The new iPad is here: from stepchild to Apple sympathizer?

iPad Pro, iPad Air or the traditional iPad? For prospective buyers of a new tablet from Apple, this question has actually answered itself to this day: the basic version was too beat-up and old-fashioned compared to the Air or Pro.

The new iPad is here: from stepchild to Apple sympathizer?

iPad Pro, iPad Air or the traditional iPad? For prospective buyers of a new tablet from Apple, this question has actually answered itself to this day: the basic version was too beat-up and old-fashioned compared to the Air or Pro. For many, the lower price could probably not change anything. But since October 26th, the completely renewed standard iPad has been available in Apple stores around the world. Has the gaping gap to the in-house competitors closed? Can the tablet keep up under the hood? Is it worth buying? The news agency spot on news had the opportunity to test the newly designed iPad before the official start of sales.

The first glance alone provides information about where the journey for the new iPad is headed: Externally, the 10th generation of the iPad can no longer be distinguished from the current iPad Air, apart from the smallest details. The old robe was completely discarded. The dimensions are now similar to those of its marginally larger brother: The new iPad is slightly higher, wider, deeper and heavier. In principle, the differences are negligible for consumers. Like the iPhones and the other iPads some time ago, the new iPad has been given a facelift in terms of design and now blends in with the somewhat more angular Apple products that have dominated the look for several years.

10.9-inch display with a 2360x1640 resolution, 12 MP wide-angle camera, up to 256 GB of memory, same battery capacity. The similarities between iPad Air and iPad cannot be overlooked. There is no deviation in many important specifications. The main differences between the two tablets are the colors (the iPad Air is available in space grey, polar star, rose, violet and blue; the iPad in silver, blue, yellow and a stronger rose) and the Apple Pencil compatibility. Unfortunately, the second Pencil generation is still not available for the iPad, which is a shame. The cumbersome way of having to charge the outdated old-school pencil via an adapter because of the missing Lightning interface is also suboptimal.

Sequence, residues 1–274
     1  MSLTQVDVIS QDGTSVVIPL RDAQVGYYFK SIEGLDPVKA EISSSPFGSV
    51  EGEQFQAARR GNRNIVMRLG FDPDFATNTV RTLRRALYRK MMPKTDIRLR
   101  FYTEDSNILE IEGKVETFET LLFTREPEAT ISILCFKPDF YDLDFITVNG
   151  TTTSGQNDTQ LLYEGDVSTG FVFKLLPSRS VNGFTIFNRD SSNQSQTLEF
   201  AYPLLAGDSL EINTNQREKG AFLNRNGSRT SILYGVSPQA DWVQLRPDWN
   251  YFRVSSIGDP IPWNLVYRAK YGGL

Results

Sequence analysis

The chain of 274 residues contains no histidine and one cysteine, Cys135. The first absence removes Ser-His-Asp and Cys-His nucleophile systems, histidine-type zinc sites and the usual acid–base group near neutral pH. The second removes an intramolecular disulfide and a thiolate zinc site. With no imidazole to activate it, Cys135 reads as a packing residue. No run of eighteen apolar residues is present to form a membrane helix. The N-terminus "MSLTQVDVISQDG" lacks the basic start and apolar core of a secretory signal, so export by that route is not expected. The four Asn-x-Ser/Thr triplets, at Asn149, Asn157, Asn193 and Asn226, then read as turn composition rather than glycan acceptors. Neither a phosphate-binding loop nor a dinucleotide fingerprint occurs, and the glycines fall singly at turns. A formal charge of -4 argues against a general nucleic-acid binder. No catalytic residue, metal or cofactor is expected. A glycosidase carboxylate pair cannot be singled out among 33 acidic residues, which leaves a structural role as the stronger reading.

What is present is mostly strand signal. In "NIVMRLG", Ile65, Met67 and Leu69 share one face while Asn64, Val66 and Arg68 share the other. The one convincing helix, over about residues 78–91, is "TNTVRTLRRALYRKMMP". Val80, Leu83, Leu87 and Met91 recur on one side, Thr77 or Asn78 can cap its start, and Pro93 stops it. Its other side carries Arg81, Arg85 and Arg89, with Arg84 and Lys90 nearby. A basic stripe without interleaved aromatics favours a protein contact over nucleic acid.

The iPad relies on the A14 Bionic chip and, in contrast to the iPad Air with the M1 chip and the iPad Pro with the M2 chip, has a significant speed deficit and a few less horsepower under the hood. But for a standard user, this is hardly recognizable. You only notice this difference in graphics-intensive programs or high-resolution games. Depending on the version, the iPad is available from 579 to 979 euros, the iPad Air from 769 to 1,169 euros and the iPad Pro from 1,049 to 3,024 euros.

As a flagship, the iPad Pro remains unthreatened by the new iPad. If the high-end tablet is out of the question, Apple is now spoiled for choice. The iPad Air has serious raison d'être to worry about as the tenth generation of Apple's standard tablet nearly fills the gap. Especially compared to the ninth iPad generation, Apple has made a giant leap. The only flaw in the new iPad that is unnecessary from the user's point of view is its incompatibility with the second-generation Apple Pencil. If you don't use a stylus, there's hardly anything that speaks against buying an iPad.

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